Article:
Kinder Morgan (KMI 0.18%) is a leader in natural gas transportation. The energy infrastructure giant moves about 40% of all the gas produced in the U.S., including roughly half the gas flowing to liquefied natural gas (LNG) export terminals. It has its fingers on the pulse of the global gas market.
Here's a look at what it sees ahead for the gas market following Russia's invasion of Ukraine.
Drilling down into the Russian situation
Kinder Morgan recently reported strong first-quarter results. It's benefiting from higher oil and gas prices, which have surged following Russia's invasion of Ukraine. That's partly because Russia is a leading global producer of both commodities. Further, Europe had been a leading destination of Russian gas, but many governments are working to lock up gas supplies from elsewhere due to growing sanctions on the Russian economy.
Kinder Morgan's co-founder and Executive Chairman Richard Kinder addressed this situation during the company's first-quarter conference call. He opened by stating:
Since our last call in January, seismic events have occurred. The Russian invasion of Ukraine has shaken the world order as we know it with a dramatic impact on the economy of Europe, and indeed, the entire world. Predicting how this whole tragic situation will be finally resolved is far beyond my capabilities, but I'm pretty certain the impact on the energy segment of the economy will be significant, at least over the next several years.
He noted that the situation showed how dependent the world remains on fossil fuels. It also highlighted how tight the market is for natural gas and LNG, given the infrastructure required to transport gas globally. The CEO then pivoted to address what this situation means for the U.S. energy market by stating:
In my judgment, the crisis plays to our strengths. The U.S. is a reliable supplier with the ability to grow its production modestly in the near term and more robustly in the intermediate-term. We operate under a transparent legal system, and we have technical expertise from the wellhead to the burner tip that is unmatched anywhere in the world. For all of these reasons, the United States will be a major part of the solution to adequately supply the world with oil and natural gas it needs to surmount the present problem. In particular, the U.S. will be a major supplier of additional LNG to Europe to replace at least in part Russian gas. I anticipate that all of our present LNG export facilities will be running at capacity for the foreseeable future, and the contracts necessary to support the construction of new facilities in the next few years will be more attainable than they've been in the past.
How this could affect Kinder Morgan's gas business
Kinder then turned his attention to how the situation would affect Kinder Morgan. He stated that:
The impact of these developments will benefit the midstream energy segment and Kinder Morgan specifically in both the short term and the long term...As volumes increase, throughput will increase, as will the need for selective expansions and extensions of the network. In short, it's a good time to be long natural gas infrastructure.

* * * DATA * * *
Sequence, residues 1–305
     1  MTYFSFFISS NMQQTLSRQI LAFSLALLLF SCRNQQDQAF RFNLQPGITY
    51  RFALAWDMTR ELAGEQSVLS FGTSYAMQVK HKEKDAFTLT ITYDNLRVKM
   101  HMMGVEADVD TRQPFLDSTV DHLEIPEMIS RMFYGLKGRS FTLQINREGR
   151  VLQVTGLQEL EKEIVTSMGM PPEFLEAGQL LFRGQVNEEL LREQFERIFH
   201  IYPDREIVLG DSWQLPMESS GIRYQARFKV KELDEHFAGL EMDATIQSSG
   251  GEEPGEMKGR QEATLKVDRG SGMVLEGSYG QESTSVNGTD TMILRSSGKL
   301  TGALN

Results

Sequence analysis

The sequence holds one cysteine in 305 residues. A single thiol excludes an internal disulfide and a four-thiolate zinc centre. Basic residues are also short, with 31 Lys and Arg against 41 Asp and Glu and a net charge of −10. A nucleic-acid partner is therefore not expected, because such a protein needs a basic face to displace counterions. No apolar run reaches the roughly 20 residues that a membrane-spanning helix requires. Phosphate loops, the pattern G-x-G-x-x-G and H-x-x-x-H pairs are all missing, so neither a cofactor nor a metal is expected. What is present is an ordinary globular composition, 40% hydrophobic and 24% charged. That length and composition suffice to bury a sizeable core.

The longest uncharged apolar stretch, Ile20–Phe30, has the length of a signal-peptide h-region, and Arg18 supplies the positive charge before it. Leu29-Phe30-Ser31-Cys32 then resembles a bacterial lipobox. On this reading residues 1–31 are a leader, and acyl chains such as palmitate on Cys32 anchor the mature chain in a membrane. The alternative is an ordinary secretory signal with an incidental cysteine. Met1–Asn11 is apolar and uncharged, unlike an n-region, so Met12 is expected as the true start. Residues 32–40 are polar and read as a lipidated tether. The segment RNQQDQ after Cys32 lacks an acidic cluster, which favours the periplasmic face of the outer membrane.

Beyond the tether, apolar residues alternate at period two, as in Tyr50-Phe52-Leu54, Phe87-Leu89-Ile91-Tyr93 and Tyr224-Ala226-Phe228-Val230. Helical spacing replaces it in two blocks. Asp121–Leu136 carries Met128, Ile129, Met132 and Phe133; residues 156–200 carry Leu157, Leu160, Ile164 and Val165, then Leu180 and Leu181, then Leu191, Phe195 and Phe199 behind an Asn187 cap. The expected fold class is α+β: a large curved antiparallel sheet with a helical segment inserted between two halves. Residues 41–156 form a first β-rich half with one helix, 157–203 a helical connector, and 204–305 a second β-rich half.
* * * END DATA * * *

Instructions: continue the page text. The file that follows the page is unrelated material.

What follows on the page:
He then turned the call over to the company's management team, who discussed new emerging project opportunities that the company is starting to see as gas demand and prices rise. CEO Steve Kean stated that it's seeing potential project developments pop up across its Bakken, Haynesville, and Altamont assets. Kean also noted that the company is seeing "increasing interest in new Permian transportation capacity."
The CEO said that the company is working on commercializing and developing compression expansions on its Permian Highway Pipeline and Gulf Coast Express Pipeline that could add up to 1.2 billion cubic feet per day of additional gas takeaway capacity. This type of expansion is very low risk and capital efficient. Further, the company can complete it quickly, getting it into service in about 18 months. This expansion would provide customers with a near-term solution for additional gas takeaway capacity.
Meanwhile, Kinder Morgan is starting to see the potential revival of some longer-term projects that it put on hold. The company estimates that the Permian Basin will need a third large-scale gas pipeline by 2026, potentially providing the opportunity to move forward with its proposed Permian Pass project. The company also sees the possibility of a small-scale expansion of its Elba Island LNG export facility in Georgia. It discussed a potential expansion a couple of years ago, but given what's happening in the market, it's starting to make sense to look at that project again.
The outlook for gas-fueled growth is getting brighter
There has been a lot of uncertainty about whether Kinder Morgan would be able to continue finding attractive gas-related expansion opportunities, given the accelerating shift toward renewable energy. However, there's increasing interest in expanding U.S. gas production and exports following Russia's invasion of Ukraine. As a result, Kinder Morgan is starting to see new project opportunities emerge that could fuel growth in the coming years. If Kinder Morgan can convert these opportunities into commercially secured projects, it could provide its stock with a big boost.